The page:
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F# in ASP.NET, mathematics and testing

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F# in ASP.NET, mathematics and testing

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Starting from Visual Studio 2010 F# is full member of .NET Framework languages family. It is functional language with syntax specific to functional languages but I think it is time for us also notice and study functional languages. In this posting I will show you some examples about cool things other people have done using F#.

F# and ASP.NET

As I am ASP/ASP.NET MVP I am – of course – interested in how people use different languages and technologies with ASP.NET.

C# MVP Tomáš Petříček writes about developing ASP.NET MVC applications using F#. He also shows how to use LINQ To SQL in F# (using F# PowerPack) and provides sample solution and Visual Studio 2010 template for F# MVC web applications. You may also find interesting how you can create controllers in F#. Excellent work, Tomáš!

Vladimir Matveev has interesting example about how to use F# and ApplicationHost class to process ASP.NET requests ouside of IIS. This is simple and very straight-forward example and I strongly suggest you to take a look at it.

Very cool example is project Strom in Codeplex. Storm is web services testing tool that is fully written on F#. Take a look at this site because Codeplex offers also source code besides binaries.


Functional languages are strong in fields like mathematics and physics. When I wrote my C# example about BigInteger class I found out that recursive version of Fibonacci algorithm in C# is not performing well. In same time I made same experiment on F# and in F# there were no performance problems with recursive version.

You can find F# version of Fibonacci algorithm from Bob Palmer’s blog posting Fibonacci numbers in F#. Although golden spiral is useful for solving many problems I looked for some practical code example and found one. Kean Walmsley published in his Through the Interface blog very interesting posting Creating Fibonacci spirals in AutoCAD using F#.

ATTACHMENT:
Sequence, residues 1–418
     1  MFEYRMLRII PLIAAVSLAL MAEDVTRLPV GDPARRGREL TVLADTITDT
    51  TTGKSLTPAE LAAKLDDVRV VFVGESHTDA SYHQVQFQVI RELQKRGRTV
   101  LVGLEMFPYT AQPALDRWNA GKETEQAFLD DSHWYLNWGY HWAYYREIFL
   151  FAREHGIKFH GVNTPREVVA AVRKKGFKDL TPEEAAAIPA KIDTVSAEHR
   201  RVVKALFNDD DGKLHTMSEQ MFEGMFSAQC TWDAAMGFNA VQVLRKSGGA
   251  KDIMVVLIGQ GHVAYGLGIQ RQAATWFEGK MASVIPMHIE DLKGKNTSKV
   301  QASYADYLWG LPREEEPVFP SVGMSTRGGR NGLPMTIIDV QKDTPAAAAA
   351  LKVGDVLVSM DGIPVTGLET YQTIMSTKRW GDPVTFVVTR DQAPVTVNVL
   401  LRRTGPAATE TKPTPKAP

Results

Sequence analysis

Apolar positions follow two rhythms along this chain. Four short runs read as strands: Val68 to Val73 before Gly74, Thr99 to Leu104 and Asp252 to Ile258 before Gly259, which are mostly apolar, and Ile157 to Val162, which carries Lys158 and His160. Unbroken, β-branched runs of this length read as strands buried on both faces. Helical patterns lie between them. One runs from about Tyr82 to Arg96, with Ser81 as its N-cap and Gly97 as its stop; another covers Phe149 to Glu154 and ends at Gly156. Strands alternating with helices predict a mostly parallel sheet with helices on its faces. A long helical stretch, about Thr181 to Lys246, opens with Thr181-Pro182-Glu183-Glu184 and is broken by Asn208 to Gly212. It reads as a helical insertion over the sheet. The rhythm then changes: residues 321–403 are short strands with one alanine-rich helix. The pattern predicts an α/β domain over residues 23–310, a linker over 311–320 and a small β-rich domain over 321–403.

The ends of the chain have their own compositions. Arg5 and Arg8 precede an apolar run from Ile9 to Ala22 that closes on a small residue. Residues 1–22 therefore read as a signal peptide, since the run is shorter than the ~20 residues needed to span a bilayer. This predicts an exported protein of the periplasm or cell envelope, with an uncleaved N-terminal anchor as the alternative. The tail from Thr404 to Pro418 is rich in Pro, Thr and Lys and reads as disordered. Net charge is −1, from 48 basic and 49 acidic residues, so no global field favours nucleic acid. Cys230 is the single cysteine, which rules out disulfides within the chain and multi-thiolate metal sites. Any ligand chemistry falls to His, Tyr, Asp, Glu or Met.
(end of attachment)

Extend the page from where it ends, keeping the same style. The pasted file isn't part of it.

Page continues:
There are also other cool examples you may be interested in. Using numerical components by Extreme Optimization  it is possible to make some numerical integration (quadrature method) using F# (also C# example is available). fsharp.it introduces factorials calculation on F#. Robert Pickering has made very good work on programming The Game of Life in Silverlight and F# – I definitely suggest you to try out this example as it is very illustrative too. Who wants something more complex may take a look at Newton basin fractal example in F# by Jonathan Birge.


After some searching and surfing I found out that there is almost everything available for F# to write tests and test your F# code.

FsCheck - FsCheck is a port of Haskell's QuickCheck. Important parts of the manual for using FsCheck is almost literally "adapted" from the QuickCheck manual and paper. Any errors and omissions are entirely my responsibility.

FsTest - This project is designed to Language Oriented Programming constructs around unit testing and behavior testing in F#. The goal of this project is to create a Domain Specific Language for testing F# code in a way that makes sense for functional programming.

FsUnit - FsUnit makes unit-testing with F# more enjoyable. It adds a special syntax to your favorite .NET testing framework.

xUnit.NET - xUnit.net is a developer testing framework, built to support Test Driven Development, with a design goal of extreme simplicity and alignment with framework features. It is compatible with .NET Framework 2.0 and later, and offers several runners: console, GUI, MSBuild, and Visual Studio integration via TestDriven.net, CodeRush Test Runner and Resharper. It also offers test project integration for ASP.NET MVC.

Getting started

Well, as a first thing you need Visual Studio 2010. Then take a look at these resources:

Happy F#-ing! :)


Published at DZone with permission of Gunnar Peipman, DZone MVB. See the original article here.

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